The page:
Meanwhile, in more important matters: US drones kill 13 in Pakistan. US drones physically located in the US don’t notice or care. The final Chilean miner hits the surface at 9:56 PM local time.

6. August 15th, 2010
Introducing the ITYNWC. The Vox Pop/Scotiabank International Ten Year Novel-Writing Contest kicks off for another decade. I hear from our some 400 contestants that things are going well. One of them called just yesterday to say that their toddler has potty trained himself (the good news!) using her manuscript as bathroom tissue (the less-good news!). Hang in there, champs!
Meanwhile, in more important matters: Zsa Zsa Gabor falls ill. The Indian PM falls on the grenade re: The Commonwealth Games. Two people are shot at a Brazilian Gay Pride parade.

5. February 9th, 2010
Remember Your Ephemera. In a good day for the credibility of blogging as mind-changing medium, our hero introduces his review of Moez Surani’s Reticent Bodies by way of a push for the lovingly curated Notes section. Everybody disagrees and, looking back on it, they were right. As a result, the size of the Notes section in my upcoming collection is reduced by approximately 75%. As Alanis said, U Learn.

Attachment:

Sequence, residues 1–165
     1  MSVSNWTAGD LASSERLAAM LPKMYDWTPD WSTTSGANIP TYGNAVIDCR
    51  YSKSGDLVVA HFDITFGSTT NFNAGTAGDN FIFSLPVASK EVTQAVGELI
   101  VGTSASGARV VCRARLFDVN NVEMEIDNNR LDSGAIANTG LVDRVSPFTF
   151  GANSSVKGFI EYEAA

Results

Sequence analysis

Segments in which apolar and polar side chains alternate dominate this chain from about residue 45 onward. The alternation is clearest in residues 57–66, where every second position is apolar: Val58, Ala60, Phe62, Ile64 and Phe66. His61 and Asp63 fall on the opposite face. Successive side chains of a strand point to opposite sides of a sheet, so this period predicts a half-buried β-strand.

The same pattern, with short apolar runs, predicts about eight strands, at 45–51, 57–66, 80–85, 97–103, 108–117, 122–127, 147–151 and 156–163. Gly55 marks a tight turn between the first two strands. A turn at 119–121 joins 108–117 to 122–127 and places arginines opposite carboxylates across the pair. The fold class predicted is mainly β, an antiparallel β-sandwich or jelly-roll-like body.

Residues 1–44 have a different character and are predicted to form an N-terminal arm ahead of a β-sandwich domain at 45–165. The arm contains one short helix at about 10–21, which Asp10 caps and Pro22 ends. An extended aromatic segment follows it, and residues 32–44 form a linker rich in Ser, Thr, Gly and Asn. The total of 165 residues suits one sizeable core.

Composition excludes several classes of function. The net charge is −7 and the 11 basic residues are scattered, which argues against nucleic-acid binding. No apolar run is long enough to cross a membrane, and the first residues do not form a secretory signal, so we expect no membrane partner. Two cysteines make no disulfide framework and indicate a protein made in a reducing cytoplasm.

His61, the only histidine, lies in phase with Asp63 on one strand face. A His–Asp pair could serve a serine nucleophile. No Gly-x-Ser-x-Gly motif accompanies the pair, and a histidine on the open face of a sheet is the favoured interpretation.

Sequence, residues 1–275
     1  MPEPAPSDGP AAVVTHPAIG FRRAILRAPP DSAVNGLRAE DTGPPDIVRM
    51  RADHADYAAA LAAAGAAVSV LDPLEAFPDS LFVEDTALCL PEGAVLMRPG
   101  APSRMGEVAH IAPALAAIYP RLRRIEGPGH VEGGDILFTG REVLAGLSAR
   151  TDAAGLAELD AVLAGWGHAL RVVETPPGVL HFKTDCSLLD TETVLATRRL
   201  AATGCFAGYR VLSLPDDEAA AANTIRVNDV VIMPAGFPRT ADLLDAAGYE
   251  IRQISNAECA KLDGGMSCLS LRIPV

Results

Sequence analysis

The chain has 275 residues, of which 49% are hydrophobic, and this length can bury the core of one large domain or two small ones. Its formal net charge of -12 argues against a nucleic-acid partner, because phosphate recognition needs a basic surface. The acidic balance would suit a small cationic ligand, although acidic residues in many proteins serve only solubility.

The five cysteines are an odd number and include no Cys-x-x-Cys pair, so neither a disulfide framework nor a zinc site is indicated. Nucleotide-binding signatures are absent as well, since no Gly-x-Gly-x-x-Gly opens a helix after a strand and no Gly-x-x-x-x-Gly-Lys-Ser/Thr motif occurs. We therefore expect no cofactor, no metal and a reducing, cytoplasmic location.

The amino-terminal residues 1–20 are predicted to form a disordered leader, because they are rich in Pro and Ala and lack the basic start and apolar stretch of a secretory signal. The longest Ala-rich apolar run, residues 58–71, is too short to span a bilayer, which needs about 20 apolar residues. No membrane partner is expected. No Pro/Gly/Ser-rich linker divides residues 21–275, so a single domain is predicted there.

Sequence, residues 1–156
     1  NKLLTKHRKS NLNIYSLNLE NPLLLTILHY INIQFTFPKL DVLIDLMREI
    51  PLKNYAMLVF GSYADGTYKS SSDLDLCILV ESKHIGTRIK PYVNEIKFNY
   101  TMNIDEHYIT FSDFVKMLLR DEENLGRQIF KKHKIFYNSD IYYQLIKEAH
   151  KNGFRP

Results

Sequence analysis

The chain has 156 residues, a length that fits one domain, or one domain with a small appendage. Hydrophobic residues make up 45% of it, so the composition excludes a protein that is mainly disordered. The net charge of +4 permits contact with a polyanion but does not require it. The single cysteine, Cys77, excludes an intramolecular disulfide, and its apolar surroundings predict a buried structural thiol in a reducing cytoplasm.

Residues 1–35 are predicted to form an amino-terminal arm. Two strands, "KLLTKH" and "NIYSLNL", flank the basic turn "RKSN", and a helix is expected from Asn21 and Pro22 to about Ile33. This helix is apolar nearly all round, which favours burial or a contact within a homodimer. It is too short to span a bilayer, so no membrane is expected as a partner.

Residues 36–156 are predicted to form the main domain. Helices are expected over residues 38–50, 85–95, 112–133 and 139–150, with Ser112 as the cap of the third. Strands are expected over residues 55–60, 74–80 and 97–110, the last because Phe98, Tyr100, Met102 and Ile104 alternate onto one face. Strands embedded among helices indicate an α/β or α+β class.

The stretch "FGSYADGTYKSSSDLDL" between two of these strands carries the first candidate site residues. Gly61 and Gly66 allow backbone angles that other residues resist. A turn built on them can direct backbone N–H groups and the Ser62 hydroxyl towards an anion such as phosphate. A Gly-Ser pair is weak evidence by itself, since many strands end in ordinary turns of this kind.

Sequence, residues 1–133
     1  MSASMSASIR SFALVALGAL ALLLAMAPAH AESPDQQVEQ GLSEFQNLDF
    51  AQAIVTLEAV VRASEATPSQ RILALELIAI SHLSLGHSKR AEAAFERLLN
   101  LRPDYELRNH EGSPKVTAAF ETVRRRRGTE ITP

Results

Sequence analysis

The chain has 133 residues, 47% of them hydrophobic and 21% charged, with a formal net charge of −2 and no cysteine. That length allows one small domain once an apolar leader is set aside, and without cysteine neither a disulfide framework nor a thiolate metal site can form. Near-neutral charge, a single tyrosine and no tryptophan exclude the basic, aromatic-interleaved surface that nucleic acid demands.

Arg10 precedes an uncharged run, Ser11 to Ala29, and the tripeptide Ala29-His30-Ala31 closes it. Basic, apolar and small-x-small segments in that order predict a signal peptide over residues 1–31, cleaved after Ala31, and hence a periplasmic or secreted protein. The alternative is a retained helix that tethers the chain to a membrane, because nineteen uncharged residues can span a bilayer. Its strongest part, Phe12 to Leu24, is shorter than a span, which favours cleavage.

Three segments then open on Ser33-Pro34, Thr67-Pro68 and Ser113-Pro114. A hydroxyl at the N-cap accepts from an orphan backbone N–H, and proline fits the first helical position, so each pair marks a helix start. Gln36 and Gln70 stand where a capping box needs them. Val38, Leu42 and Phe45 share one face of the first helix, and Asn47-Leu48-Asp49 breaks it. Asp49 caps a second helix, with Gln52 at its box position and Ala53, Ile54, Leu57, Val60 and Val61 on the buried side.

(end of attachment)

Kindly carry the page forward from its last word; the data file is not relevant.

Meanwhile, in more important matters: The Italian Embassy in Iran gets its ass kicked. Simultaneously, a new Filipino election is called and the current President’s allies are charged with murder. Has to be a coincidence….

4. January 12th, 2010
Chattering Classes (def). A one-paragraph post inspired by an insipid provocation by a Tory cabinet minister. One of our hero’s rare overtly political bloggerings. I thought a bit about reposting it as I was listening to Don Cherry go on about “bottom-scraping” leftists this week.
Meanwhile, in more important matters: The Pine Glacier hits its tipping point. The North American Auto show goes green. A man-sized man is eaten by a “dinosaur-sized” shark.

3. March 15th, 2010
Comfort and Commitment. In which our hero takes issue with fellow blogger Alex Boyd’s essay on content in Canadian poetry, and posts a rebuttal. Brief internet skirmish follows. Later, everyone makes up and Boyd brings our hero onboard with his fun little Facebook for Writers idea (see above).